From here on in, when it comes to the PIIGS – Portugal, Ireland, Italy, Greece and Spain – you must presume the worst:
“Outright defaults,” Cramer said Wednesday.
These countries’ finances are on death’s door, and it won’t be long before we get the equivalent of bond funerals for Greece, Spain, Portugal and Ireland and a “shotgun Italian wedding,” Cramer said.
He urged viewers dig through their portfolios to see which of their stocks would be affected. Use today’s positive close – up 53 points in the Dow and 0.6% in the S&P 500 – to take profits. Take the chance to cash out if you think Europe’s debt woes will directly impact US equities, the US economy and at least the near-term futures of our companies. And there’s little doubt that more news is on it’s way, given the Spain downgrade we saw this morning.
But is that what Cramer’s going to do?
Nope. He refuses to panic over Europe. Sure, the market will drop every time we get more bad news from across the Atlantic, but keep this in mind: The market won’t stay down for long when we get good news at home. Just consider how stocks rebounded after the Federal Reserve’s benign statements this afternoon.
What you have to do, Cramer said, is ask yourself, Ronald Reagan style, if the companies you own are better off than three years ago. Among the Dow 30, 23 sure are. Only four are doing worse. Of the remaining three, two are pushes, Cramer said, and then there’s General Electric , which he won’t comment on because it’s the parent company of CNBC.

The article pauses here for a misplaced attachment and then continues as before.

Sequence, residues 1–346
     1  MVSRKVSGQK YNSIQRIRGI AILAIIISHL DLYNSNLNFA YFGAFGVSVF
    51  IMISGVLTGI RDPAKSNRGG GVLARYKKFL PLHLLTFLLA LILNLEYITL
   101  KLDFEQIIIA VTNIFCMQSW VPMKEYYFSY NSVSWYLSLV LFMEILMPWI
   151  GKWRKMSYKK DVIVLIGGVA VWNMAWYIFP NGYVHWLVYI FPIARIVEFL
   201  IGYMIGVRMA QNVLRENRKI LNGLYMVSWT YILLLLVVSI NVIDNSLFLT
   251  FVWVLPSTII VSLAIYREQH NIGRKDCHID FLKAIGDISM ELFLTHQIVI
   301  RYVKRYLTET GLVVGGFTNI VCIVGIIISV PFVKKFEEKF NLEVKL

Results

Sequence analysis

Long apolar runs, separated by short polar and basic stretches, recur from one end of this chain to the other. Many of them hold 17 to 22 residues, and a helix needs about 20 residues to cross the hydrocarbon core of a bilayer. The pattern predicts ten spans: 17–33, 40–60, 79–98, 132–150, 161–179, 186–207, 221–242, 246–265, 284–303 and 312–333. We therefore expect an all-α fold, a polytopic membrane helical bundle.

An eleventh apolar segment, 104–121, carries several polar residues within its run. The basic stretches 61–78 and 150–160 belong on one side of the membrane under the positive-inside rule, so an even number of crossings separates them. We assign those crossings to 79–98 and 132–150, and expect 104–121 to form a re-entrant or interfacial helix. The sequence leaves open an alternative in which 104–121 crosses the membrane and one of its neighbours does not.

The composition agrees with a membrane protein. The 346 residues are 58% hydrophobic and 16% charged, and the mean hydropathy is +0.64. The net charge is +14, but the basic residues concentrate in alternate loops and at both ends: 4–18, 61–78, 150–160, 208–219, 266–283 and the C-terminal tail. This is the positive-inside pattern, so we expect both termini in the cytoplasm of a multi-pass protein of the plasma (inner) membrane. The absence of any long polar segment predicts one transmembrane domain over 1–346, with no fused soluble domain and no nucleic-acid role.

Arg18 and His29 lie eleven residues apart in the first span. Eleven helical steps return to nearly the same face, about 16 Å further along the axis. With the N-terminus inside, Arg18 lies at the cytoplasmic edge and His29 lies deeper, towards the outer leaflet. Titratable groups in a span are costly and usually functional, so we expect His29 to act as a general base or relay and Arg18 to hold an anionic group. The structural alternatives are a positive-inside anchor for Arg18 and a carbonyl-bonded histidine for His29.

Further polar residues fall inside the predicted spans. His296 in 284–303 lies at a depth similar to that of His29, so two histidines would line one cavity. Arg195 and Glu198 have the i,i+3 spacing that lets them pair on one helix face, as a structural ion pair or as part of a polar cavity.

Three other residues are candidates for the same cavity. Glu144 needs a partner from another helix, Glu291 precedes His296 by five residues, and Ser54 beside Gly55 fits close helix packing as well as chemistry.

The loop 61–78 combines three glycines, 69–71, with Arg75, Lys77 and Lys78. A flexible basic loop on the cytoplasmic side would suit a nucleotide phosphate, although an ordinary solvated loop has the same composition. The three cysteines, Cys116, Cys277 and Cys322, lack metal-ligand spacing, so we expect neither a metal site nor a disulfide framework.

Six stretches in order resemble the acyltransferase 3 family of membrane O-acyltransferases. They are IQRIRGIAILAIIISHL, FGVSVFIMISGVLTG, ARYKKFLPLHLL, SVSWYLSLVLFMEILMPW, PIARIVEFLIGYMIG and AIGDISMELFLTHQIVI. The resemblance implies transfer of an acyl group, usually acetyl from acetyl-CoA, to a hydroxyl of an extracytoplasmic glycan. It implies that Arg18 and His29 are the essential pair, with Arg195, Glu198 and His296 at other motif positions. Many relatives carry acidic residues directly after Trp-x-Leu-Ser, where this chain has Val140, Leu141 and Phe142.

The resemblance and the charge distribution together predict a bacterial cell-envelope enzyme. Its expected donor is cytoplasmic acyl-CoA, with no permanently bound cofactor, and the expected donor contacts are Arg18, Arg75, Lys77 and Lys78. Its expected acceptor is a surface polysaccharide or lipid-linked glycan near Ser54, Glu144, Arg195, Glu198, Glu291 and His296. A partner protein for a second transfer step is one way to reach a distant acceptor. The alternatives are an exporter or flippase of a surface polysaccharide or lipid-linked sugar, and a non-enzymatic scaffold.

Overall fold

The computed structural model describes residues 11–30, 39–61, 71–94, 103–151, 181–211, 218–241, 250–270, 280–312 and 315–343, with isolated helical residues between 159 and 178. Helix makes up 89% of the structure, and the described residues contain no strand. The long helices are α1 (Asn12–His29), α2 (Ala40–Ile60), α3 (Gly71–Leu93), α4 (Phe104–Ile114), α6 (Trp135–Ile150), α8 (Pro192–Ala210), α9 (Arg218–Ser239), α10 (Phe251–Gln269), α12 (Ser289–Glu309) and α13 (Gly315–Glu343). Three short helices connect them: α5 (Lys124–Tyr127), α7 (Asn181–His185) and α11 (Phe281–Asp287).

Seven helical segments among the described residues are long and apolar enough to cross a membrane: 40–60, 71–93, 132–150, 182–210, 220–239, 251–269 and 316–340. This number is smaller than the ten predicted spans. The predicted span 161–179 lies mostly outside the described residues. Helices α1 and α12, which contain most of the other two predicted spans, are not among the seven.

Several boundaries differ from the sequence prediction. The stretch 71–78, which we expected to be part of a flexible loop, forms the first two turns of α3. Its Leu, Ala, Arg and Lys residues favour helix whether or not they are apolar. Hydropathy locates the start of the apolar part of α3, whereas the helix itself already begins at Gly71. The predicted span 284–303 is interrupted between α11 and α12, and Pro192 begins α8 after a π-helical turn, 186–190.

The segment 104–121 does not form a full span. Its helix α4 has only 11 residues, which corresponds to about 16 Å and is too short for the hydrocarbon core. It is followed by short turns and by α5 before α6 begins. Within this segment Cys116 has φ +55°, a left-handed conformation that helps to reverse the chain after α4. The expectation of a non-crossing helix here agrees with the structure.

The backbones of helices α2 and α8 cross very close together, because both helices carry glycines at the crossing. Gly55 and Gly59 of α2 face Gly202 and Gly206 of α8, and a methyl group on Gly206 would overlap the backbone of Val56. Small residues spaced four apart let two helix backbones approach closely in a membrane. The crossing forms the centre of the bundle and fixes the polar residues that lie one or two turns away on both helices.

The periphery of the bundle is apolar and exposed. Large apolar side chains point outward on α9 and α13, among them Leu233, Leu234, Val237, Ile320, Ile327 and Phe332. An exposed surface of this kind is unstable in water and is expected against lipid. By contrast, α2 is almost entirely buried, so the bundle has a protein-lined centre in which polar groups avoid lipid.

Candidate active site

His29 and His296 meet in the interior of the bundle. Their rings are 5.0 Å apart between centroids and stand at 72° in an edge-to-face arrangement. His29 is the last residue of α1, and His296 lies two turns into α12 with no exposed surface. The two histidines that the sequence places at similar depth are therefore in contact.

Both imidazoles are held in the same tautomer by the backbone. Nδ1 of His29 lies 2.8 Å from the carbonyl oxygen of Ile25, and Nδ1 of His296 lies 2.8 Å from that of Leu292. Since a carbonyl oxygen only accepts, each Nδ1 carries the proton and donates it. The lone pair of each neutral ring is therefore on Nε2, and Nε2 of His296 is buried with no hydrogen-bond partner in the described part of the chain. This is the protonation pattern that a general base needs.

Look, we’ve gotten largely positive pronouncements from everybody from AT&T and Boeing to JPMorgan Chase to Intel . AT&T’s seeing growth thanks to Apple’s iPhone, Boeing’s 787 Dreamliner finally took flight, JPMorgan’s now the country’s premier bank, and Intel’s riding a wave of renewed corporate and consumer spending. And none of this has anything to do with Portugal, Ireland, Italy, Greece or Spain.
“I think they’re all buys on PIIGS weakness,” Cramer said of the aforementioned stocks, adding that a host of others, including techs like Juniper Networks as well as Ford, are doing great, too.
So rather than using Europe’s troubles as an excuse to cash out, Cramer thinks you should buy in. As long as you rid your portfolio of any exposure to that continent, then you’re ready for any worst-case scenario. And imagine how well positioned you are if things work out for the better, meaning they don’t default and we go much higher.
“Wonders never cease in this market,” Cramer said.
Cramer’s charitable trust owns Apple, Intel and JPMorgan Chase.
General Electric is the parent company of CNBC.
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